Unlike Alibaba and Facebook, which debuted on the New York Stock Exchange via initial public offering (IPO), Slack went public by way of a direct listing - which may have contributed to a larger opening trade volume.
The so-called direct listing, which differs from a traditional IPO in that it does not raise fresh funds, will put on trial a method pioneered past year by music streaming business Spotify Technology.
Slack's valuation has jumped from about $7 billion in August 2018, when it last raised funds, to around $17 billion, according to Renaissance Capital, which specialises in the IPO market.More news: Horns grow on young peoples’ heads due to gadget use
Slack's direct listing could have implications for other large technology companies such as Airbnb, which is considering going public through a similar approach, a person familiar with the matter said.
The office messaging app, which has been styled as an email-killer, climbed as high as $41.95 a share, against an earlier reference price of $26. Using this process, companies are able to cut out the costs associated with a normal IPO and sidestep (usually) massive swings in their stocks on the first day of trading.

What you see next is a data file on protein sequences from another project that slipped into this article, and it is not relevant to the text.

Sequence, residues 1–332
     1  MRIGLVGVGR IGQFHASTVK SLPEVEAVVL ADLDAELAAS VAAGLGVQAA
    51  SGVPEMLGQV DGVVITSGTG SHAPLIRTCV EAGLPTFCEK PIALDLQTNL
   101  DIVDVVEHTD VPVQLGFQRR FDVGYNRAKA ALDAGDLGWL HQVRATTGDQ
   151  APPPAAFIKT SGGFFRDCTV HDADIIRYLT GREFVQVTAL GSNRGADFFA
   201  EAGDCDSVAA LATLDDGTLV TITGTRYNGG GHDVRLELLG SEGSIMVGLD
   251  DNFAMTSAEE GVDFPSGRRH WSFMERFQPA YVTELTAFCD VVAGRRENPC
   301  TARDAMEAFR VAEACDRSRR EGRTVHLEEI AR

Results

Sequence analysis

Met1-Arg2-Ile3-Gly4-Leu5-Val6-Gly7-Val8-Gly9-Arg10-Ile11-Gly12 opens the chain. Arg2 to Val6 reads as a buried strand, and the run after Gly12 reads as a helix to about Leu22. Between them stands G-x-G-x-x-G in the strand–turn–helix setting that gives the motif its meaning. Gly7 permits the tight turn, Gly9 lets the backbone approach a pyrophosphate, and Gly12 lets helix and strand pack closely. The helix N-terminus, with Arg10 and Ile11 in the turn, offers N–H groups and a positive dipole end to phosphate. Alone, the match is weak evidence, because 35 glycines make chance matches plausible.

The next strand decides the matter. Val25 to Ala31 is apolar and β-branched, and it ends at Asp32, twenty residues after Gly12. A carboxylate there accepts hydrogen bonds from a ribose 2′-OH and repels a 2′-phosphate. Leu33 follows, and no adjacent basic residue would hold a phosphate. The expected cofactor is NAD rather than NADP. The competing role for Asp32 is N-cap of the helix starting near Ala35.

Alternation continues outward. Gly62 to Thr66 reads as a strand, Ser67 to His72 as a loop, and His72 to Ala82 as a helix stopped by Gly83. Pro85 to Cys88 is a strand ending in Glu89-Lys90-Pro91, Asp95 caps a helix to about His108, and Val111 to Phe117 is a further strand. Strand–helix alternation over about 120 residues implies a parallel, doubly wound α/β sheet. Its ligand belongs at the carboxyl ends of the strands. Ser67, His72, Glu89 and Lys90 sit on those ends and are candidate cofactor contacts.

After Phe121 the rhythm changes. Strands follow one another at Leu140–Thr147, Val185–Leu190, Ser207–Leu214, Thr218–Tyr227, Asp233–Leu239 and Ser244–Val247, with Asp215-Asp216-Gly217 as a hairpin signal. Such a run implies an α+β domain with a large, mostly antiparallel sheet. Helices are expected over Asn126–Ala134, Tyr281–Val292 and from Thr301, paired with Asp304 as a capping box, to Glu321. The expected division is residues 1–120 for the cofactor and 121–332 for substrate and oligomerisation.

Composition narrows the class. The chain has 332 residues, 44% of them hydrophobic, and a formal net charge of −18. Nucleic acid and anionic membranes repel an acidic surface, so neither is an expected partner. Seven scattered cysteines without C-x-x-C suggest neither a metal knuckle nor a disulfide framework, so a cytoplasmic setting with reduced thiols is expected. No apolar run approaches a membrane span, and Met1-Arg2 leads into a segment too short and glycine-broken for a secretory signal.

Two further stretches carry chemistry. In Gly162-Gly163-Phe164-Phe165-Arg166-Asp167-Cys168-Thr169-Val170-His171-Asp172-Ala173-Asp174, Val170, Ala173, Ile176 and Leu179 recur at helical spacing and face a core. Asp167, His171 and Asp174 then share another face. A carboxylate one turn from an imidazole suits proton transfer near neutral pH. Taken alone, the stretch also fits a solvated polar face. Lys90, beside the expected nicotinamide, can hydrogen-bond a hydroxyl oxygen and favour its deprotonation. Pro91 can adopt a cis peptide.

As the New York Times surmises, all the investor enthusiasm for Slack and other smaller tech companies (including SF-based Zoom, whose stock has shot up 59% since its mid-April IPO) has something to do with the scope of their business and their potential for growth.More news: Electric Car The Tesla Pickup Truck Has Arrived
'We think a direct listing is a more effective and efficient way to get to a normalized level of supply and demand without the constraints of an IPO, ' said Allen Shim, Slack's chief financial officer.
"Direct listings are still a pretty new vehicle".
Revenues for the San Francisco-based Slack soared more than 80 percent to $400 million in 2018, but it reported losses from operations of $143.85 million. What the future holds for the now public company remains to be seen but one area in which it has excelled is continually adding more paying customers.More news: OR bear put down after people feed him, take selfies, officials say